Sally Smith: Welcome to Age to Age. I’m Sally Smith. Let’s talk.
We’re lucky to have with us a wonderful professional of many years in
the field of geriatrics, Mary Peters, who is the president of Care for
Life. What is the basic concept of Care
for Life, Mary?
Mary Peters: Our concept is
to keep older people at home with their memories and possessions for as long as
possible. That is what we do. We try to keep them out of nursing homes, out
of assisted living, hospitals, and we do that with, basically, risk
management. That is, we look for
problems to solve. If we don’t have a
problem to solve, nobody is going anywhere.
There are basically five things that we look for. One is safety, safety in the home; they’re
going to be alright, they’re not going to turn on the stove. Problems like that, we look at. A second thing is nutrition. Elderly people don’t get enough nutrition in
their diet. They have tea and toast, or
they don’t fix anything because they don’t like to eat alone, so we make sure
that they have enough nutrition.
Medications, that is really a big one because elderly people can’t
anticipate when they need refills. They
may be taking two medications for the same problem, so that’s a problem that we
address. A fourth thing is hygiene and
home health. What we hear a lot is, you
know, since Mom died, Dad is wearing
dirty clothes. He doesn’t keep up
the yard and the house like he used to, so that’s another thing that we
address. The fifth and final thing is
unaddressed medical problems. It’s
amazing to see elderly people, living in a neighborhood that they’ve lived in
for a long time, decline. They have
dementia, or they’re sick, or something.
As soon as we get a client, we take them to their doctor so that we can
see if there are any problems there.
Those five things are what we look for at Care for Life. That is our concept.
Sally Smith: And when you
say that these are the five things you look for, then how do you address
them? How do you address whether they
have nutrition? What if the daddy isn’t
taking baths anymore? What happens once you
are alerted to a situation and you go in, how far can you go with it? You can assess it and say that there is a
problem, do you then solve the problem?
Mary Peters: Let’s say an
adult child, or neighbor, calls us, we’ll go do an assessment. That adult child, or maybe even the client,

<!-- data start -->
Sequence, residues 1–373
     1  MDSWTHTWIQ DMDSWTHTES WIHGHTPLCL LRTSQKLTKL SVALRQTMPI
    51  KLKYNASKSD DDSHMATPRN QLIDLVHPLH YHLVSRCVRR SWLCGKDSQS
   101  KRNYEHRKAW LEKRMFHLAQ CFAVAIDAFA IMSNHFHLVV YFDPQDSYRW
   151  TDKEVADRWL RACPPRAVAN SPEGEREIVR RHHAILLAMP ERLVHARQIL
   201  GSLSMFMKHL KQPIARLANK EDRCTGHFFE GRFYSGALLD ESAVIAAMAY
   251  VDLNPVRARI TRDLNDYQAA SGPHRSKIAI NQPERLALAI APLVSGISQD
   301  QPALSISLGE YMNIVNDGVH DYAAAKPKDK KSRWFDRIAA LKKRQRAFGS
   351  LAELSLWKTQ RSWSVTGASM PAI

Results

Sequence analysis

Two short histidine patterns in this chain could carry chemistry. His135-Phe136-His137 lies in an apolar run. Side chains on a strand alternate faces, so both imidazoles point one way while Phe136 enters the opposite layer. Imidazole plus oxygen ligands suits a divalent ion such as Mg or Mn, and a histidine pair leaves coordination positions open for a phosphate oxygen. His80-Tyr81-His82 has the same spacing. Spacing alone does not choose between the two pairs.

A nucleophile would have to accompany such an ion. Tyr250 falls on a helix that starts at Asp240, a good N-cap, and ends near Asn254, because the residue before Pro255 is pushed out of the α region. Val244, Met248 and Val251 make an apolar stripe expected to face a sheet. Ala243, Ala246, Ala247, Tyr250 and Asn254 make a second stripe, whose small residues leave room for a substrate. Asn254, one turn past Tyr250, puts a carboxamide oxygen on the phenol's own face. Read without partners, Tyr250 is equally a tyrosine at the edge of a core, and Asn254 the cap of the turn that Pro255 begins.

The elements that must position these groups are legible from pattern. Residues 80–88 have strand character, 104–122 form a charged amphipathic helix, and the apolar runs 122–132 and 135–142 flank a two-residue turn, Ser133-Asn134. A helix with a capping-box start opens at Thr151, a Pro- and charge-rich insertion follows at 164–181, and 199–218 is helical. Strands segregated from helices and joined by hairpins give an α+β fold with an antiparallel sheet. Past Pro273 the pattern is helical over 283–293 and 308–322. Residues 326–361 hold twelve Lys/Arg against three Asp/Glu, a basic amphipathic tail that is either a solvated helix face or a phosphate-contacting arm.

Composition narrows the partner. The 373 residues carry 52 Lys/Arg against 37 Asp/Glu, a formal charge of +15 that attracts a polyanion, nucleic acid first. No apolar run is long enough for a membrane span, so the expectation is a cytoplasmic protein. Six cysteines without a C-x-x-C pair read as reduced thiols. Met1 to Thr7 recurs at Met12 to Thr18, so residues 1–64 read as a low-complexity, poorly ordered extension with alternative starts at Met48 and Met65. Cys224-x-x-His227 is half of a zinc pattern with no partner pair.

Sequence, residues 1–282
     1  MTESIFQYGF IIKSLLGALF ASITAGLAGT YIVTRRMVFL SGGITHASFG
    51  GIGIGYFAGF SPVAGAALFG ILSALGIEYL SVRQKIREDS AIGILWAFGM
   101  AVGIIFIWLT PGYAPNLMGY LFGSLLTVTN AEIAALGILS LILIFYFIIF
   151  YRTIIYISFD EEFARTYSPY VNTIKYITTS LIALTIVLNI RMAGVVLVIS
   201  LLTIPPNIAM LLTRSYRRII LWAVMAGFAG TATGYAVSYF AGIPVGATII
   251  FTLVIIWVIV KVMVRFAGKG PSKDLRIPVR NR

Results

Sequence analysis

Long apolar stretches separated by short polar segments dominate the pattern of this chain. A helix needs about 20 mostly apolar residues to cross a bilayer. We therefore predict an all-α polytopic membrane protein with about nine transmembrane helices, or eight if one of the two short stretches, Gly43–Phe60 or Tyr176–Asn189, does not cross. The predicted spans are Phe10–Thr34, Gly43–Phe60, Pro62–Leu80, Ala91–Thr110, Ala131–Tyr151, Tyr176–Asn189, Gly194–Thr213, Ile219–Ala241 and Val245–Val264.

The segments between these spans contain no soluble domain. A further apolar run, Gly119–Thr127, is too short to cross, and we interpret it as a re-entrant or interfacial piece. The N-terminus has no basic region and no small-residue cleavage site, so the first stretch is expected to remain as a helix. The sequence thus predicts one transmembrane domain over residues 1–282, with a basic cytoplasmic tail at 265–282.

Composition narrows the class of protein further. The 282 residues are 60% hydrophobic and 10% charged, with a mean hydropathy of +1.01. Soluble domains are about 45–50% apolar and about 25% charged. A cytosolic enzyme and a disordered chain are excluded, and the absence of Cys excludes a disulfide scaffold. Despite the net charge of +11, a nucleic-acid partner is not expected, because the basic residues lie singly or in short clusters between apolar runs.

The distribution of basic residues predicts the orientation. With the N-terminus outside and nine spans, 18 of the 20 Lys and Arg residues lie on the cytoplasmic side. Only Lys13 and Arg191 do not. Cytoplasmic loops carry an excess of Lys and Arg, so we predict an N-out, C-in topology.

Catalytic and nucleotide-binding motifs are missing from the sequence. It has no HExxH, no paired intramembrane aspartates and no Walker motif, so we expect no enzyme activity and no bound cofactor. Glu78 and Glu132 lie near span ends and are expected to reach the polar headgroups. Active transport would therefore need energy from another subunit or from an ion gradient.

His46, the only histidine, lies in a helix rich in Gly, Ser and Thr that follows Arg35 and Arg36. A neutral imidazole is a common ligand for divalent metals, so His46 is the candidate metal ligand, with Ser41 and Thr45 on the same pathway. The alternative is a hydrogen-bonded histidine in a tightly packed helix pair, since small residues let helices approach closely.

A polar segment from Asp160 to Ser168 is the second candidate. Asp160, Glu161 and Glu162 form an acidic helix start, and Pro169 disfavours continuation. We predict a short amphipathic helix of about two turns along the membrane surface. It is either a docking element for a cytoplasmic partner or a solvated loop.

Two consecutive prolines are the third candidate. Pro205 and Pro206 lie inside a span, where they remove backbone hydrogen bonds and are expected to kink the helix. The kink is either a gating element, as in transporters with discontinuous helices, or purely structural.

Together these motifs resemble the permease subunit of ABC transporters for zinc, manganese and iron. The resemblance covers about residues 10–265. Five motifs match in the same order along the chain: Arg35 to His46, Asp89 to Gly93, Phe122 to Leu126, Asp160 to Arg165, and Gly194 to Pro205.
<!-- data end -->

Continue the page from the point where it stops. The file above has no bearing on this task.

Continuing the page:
wants a caregiver in the home, and they can be in the home four to twenty-fours
a day. We have eighty trained and
skilled caregivers that we can match up with personalities, and so on. So, if the problem is nutrition, we’re going
to go to the grocery store and the caregiver is going to prepare the kinds of
meals that the client likes, and wants.
The client may want them to go to a particular restaurant to get the
food that they like and bring it to the house.
As far as medications are concerned, the professionals, the nurse
or the social worker, will go by the house every day and make sure that the
medications are being taken. We had a
couple that took each other’s medication and said they felt better.
Sally Smith: That’s scary.
Mary Peters: And so we
monitor the medication. And, like I
said, we have eighty caregivers, and they’re out there providing 2,500 hours of
care a week to people with these various problems. If it’s safety, they make sure that there are
no falls, that there are no risks for falls.
If there are unaddressed problems, we have the nurse going by. We’re checking their diabetes. We’re taking vitals. We’re talking with their doctor. We’re doing everything we can do to keep
those problems from getting worse.
Sally Smith: I love the
idea that you’re problem solving all the time, and only as much as you
need. If it’s medication and you can
solve it by having somebody drop by with the pills once a day, that’s
great. Somebody else may need someone in
the house 24 hours a day.
Mary Peters: Yeah. Well, we have boxes that you fill the pills
with so we can tell whether they’ve taken them or not, or if they’ve been
switched, or something like that, and we have a drug store that delivers all the
pills to our office. We can keep the
pills and put them in the containers as they’re needed.
Sally Smith: I understand
that there’s something called a home health agency. You’re a geriatric care management
company. People, like me, don’t know
what the difference is.
Mary Peters: Let’s talk
about the caregivers with a geriatric care management agency. That’s called custodial care. A Medicare home health agency is an agency
that is licensed by the Department of Health and Human Services. The services are ordered by the doctor. You have physical therapy, occupational
therapy, speech therapy, if you need it, and that is ordered by the doctor and
monitored. And that is under Medicare
Part A and Part B. For example, my
father is having some problems right now and he is receiving Medicare Part
B. They’re not there all the time. They come in to provide the services, so he
has custodial care, which is from the homecare agency, like ours. And then you have homecare companies that
Sally Smith: Mary, thank
you so much. I love learning more about
what you’ve put together here. Thank you
for being with us.
Mary Peters: Thank you,
Sally Smith: Thanks to all
of our listeners, too, for joining us today.
We welcome, as always, your suggestions and questions, and comments on
our website. This is Sally Smith, Age to Age, saying good-bye and wishing
you courage and joy on your journey. We
are all connected.
If you have any
questions about the services or programs offered at the Medical
University of South Carolina, or if you’d like to schedule
an appointment with one of our physicians, please call MUSC Health
Connection: (843) 792-1414.